Millennium Episode Review of Bardo Thodol by ZeusFaber
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This Episode Review has been accessed 2815 times.
It was last viewed on Friday, January 18, 2019, 7:24 PM (UTC).
The discovery of a cooler full of living hands draws Emma Hollis’ attention to mysterious research conducted by former Millennium Group member Dr. Steven Takahashi, a man now afflicted by a disfiguring and deadly disease. These secrets leave one murderous Millennium Group operative desperate to kill Takahashi as Frank Black holds watch by his bedside. Emma engages in a desperate attempt to lash out at the Group with the knowledge she’s gained, hoping to prove she can do so on her own.
Written by Virginia Stock & Chip Johannessen
Directed by Thomas J. Wright
Edited by James Coblentz
There are a total of 155 images for this episode of Millennium which are available here.
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Reviewed: Bardo Thodol
Somewhat perplexing on first viewing, but really quite good once you think about it. It's one of those episodes where you really have to watch it several times and discuss it in depth with a fellow devotee to properly get a grasp of it, and in an age of disposable, throwaway TV, that's surely a good thing.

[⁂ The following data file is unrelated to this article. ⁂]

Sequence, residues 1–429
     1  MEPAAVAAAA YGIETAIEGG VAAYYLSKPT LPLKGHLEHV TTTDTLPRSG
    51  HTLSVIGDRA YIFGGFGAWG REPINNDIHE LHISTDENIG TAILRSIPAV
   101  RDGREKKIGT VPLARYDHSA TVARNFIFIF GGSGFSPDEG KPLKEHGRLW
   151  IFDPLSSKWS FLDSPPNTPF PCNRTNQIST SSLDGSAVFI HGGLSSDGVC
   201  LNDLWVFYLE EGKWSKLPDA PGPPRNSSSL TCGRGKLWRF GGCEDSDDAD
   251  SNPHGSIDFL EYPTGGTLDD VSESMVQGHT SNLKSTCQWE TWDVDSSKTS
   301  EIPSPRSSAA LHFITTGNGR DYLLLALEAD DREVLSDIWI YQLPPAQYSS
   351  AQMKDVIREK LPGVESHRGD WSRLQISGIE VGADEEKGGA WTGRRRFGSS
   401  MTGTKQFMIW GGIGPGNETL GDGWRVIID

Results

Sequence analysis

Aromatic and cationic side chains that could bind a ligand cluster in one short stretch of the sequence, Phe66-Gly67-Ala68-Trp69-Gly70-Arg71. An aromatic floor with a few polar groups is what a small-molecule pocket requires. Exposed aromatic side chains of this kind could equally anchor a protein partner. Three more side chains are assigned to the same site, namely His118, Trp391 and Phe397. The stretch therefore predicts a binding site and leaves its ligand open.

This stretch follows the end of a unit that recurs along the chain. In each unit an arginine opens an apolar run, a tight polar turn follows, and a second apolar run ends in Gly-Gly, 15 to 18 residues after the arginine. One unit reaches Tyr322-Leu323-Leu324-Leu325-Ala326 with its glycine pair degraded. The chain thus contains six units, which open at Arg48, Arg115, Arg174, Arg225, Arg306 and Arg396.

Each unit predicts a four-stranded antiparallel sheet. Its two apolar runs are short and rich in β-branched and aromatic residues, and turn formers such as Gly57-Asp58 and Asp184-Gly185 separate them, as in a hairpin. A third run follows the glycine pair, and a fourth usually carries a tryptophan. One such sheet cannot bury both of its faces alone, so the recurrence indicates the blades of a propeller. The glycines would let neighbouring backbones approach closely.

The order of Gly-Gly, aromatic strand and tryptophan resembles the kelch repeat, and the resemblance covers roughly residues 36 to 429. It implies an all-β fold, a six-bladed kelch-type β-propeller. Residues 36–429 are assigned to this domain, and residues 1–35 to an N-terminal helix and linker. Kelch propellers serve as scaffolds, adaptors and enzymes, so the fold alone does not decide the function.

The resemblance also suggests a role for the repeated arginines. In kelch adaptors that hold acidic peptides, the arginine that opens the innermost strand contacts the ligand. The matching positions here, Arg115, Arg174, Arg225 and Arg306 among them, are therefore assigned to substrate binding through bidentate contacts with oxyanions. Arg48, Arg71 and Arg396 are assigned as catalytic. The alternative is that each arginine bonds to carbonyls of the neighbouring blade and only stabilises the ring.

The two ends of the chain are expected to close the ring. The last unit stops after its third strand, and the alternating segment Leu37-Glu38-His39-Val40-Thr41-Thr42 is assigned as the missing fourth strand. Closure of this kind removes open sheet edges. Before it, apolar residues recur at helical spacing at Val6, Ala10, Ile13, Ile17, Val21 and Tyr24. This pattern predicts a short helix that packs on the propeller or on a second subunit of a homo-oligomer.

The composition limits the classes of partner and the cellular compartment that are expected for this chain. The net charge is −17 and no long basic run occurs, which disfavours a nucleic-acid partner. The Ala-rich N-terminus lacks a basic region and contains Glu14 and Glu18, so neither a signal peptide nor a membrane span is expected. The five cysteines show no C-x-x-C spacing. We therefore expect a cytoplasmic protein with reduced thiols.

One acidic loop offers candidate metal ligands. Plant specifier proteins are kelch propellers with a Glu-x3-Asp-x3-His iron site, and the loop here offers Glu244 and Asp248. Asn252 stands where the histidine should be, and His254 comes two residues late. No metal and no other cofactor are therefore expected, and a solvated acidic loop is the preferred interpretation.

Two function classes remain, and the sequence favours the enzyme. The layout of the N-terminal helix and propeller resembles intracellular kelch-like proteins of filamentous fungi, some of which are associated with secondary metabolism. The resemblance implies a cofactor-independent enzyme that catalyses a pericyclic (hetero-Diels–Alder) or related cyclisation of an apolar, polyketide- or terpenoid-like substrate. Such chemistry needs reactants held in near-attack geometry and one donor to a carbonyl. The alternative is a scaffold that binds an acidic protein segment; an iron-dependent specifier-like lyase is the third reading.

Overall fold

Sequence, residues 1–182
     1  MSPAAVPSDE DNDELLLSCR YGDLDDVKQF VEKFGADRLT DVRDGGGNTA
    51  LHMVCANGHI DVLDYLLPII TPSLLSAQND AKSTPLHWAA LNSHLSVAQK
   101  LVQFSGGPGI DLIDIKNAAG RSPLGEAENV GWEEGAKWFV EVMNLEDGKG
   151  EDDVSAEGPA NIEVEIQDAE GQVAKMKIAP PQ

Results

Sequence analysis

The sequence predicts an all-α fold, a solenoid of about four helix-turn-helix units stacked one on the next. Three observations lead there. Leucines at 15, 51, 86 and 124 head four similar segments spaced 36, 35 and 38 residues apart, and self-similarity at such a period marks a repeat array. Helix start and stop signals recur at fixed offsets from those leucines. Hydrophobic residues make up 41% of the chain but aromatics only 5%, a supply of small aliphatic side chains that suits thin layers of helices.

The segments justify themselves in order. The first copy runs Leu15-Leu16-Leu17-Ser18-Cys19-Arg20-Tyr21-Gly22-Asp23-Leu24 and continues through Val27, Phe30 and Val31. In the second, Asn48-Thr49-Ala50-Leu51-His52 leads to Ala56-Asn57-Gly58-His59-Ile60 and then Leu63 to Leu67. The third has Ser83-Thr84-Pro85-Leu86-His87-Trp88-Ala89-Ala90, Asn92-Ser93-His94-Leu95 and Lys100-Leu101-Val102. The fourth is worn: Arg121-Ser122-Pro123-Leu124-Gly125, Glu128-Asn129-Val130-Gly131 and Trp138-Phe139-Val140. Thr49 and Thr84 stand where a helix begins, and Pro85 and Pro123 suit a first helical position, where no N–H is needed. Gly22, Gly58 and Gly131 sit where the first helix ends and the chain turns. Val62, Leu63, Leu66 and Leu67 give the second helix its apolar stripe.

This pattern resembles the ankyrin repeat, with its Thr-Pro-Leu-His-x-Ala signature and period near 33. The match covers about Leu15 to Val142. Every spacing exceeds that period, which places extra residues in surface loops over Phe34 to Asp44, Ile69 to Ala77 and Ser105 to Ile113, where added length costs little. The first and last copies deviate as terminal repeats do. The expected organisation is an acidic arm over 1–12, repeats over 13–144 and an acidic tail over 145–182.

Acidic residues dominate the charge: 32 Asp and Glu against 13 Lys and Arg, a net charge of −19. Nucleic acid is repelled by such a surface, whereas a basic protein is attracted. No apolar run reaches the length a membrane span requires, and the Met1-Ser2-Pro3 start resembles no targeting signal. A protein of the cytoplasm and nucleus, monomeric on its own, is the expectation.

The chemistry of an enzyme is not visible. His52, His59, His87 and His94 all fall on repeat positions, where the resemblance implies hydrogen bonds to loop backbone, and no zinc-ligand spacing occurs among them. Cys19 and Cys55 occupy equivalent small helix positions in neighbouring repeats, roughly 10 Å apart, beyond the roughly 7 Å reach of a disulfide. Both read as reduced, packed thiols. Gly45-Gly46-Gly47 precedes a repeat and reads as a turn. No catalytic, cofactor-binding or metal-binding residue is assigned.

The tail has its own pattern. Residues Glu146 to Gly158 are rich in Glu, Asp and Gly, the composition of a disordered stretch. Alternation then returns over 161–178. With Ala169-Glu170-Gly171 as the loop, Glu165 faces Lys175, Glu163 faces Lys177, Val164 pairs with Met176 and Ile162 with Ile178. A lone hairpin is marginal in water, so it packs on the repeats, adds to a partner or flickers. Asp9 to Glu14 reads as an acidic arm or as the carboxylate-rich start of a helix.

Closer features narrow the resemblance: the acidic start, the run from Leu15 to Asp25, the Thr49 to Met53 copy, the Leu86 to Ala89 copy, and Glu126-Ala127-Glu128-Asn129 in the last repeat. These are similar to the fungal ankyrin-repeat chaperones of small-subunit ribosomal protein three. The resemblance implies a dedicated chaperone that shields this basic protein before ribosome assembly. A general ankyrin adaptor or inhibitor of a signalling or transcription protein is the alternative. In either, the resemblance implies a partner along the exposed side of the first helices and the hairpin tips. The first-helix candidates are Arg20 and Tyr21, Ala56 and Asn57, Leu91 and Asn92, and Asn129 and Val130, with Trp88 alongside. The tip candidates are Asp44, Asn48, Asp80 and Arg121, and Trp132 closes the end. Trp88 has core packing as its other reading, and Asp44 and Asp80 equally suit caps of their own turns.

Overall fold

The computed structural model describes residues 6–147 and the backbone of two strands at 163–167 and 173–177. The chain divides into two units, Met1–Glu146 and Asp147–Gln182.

There's a lot going on here. We have the growing hands found on the ship and the implications of bioscience as the new alchemy, the red lacquer bowl (which presumably must contain the scientist's research encoded in its unique rim), and the Tibetan philosophy which takes on a truly fascinating meaning when you apply it to the Millennium Group's mysticism. Is it perhaps half the point of the episode that these people want folks like Frank and Emma scrambling around to piece together the scraps of their mysteries in order to keep them enigmatic and therefore powerful? Let go of all that, stop jumping through their hoops, and you become free, as Frank is starting to become, while Emma is in a very different place, still desperately struggling to prove her worth to Peter Watts. Lots of food for intellectual thought.
Mabius makes for a great hitman, Tzi Ma puts in a believable (if all too whispery) performance, and the soundtrack from Huun-Huur-Tu is wonderfully hypnotic. One question remains though ‐ who sent Frank that damned computer virus? Still, the episode is great for putting your mind through all these windmills and raising a bamboozling array of mysteries and philosophical questions. Understand, and you are liberated.